Jesus Henry Christ
Most of us are suckers for a good child prodigy story. Be it Bobby Fischer, Akeelah Anderson, Salinger’s Glass family or Anderson’s Tenenbaums, we gawk at the seemingly miraculous abilities, identify with the weird families, weep at the ostracism and cheer at the victories. All of these factors are in play in Dennis Lee’s Jesus Henry Christ, the story of a remarkable boy named Henry and his quest to find his biological father.
Ten years before our story begins, Patricia (Toni Collette), wrecked by the gradual loss of most of her family and an encroaching sense of isolation, conceived Henry through in vitro fertilization. Henry (Jason Spevack) grows up with his mother, whom he flatly refers to as “Patricia,” and his grandfather Stan (Frank Moore). He began to speak at nine months and has a photographic memory that reaches back to infancy. He is bright and outspoken, and neither of these qualities win him many friends in school. Henry has begun to crave the presence of a father, and he sets out to find his own, aided in part by Stan.
What Henry finds is not only a man who may or may not be his biological father, Slavkin O’Hara (Michael Sheen), but a 12-year-old girl Audrey (Samantha Weinstein) who might be his half-sister. These two are quite the social outcasts themselves, and we meet Audrey as schoolmates taunt her with a chant of “lesbo, lesbo” and plaster her locker with the jacket of her father’s book Born Gay or Made That Way?—a jacket that features her photo.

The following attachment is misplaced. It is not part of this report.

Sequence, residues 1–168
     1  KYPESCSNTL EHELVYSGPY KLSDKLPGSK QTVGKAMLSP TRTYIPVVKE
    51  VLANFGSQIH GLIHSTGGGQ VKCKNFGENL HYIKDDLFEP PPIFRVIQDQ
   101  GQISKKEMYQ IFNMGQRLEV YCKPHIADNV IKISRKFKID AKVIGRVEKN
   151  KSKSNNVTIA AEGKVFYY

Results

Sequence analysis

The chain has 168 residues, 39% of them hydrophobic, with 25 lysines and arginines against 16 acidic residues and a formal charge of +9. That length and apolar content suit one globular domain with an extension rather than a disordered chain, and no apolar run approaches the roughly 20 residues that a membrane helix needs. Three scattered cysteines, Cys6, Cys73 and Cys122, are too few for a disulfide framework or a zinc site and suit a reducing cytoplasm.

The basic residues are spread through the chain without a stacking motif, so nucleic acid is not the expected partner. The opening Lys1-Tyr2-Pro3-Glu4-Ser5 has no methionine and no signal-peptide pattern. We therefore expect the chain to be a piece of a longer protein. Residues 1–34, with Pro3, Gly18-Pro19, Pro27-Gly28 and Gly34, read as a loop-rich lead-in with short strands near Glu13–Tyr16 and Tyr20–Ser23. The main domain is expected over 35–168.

Henry, Audrey, Slavkin and Patricia slowly get to know one another through a series of fraught conversations and misadventures, and each struggles with his or her own place in this strange semi-family, both genetic and social.
The cast is the spine of this film. Toni Collette and Michael Sheen give masterful performances as the hapless parents, and young Jason Spevack and Samantha Weinstein do the same as the brilliant, awkward children. Collette is all backbone, fighting tooth and nail for her son’s future while unknowingly losing her grip on him in the present. She carries the bizarre losses of her character’s past with a sensitivity that never slips into indulgence. Sheen is as transformative as ever, taking a character that, in a lesser actor’s hands, would likely amount to a pile of anxious gestures and professorial stuttering, and making him into a person both sweetly genuine and sadly laughable. Spevack’s Henry is so simple and open that you can’t help but love him and admire the lack of sentimentality in his performance. And Weinstein is spectacular as Audrey, weirdly blank and furious at the same time. Watching her character transform is a highlight of the movie.
These actors keep us going when the film occasionally reaches near toxic levels of whimsy. Lee’s film is exciting, quirky and very funny, but it sometimes buckles under the weight of its own cleverness, submitting us to barrages of wacky characters and wry jokes that feel more like cinematic games than devices for story or character.
When quirk and story meet, however, beautiful things happen, such as a gorgeous sequence with Audrey and Henry skipping school to explore an indoor amusement park. Here we see two smart and troubled kids slowly loosen their grips on anxiety, anger and bewilderment and allow themselves to bloom. It’s one of the most delightful moments of the film, and the young actors shine in it.
These are the moments that make Jesus Henry Christ remarkable. Amid the windblown Post-It notes, genealogical asides and unlikely turns of fate, this is the story of four people making sense of the mercurial world and their place in it.
Director: Dennis Lee
Writer: Dennis Lee
Starring: Toni Collette, Michael Sheen, Jason Spevack, Samantha Weinstein
Release Date: Apr. 20, 2012